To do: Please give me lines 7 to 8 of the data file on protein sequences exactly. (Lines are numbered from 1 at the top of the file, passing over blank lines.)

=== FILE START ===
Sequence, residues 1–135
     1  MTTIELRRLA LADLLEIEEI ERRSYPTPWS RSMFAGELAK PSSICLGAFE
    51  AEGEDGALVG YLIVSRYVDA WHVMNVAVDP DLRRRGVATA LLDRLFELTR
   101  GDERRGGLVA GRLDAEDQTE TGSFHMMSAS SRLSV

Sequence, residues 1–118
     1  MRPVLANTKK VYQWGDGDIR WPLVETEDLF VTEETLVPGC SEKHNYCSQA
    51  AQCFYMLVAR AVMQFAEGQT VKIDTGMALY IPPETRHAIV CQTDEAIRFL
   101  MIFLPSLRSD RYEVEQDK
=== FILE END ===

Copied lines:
    51  AQCFYMLVAR AVMQFAEGQT VKIDTGMALY IPPETRHAIV CQTDEAIRFL
   101  MIFLPSLRSD RYEVEQDK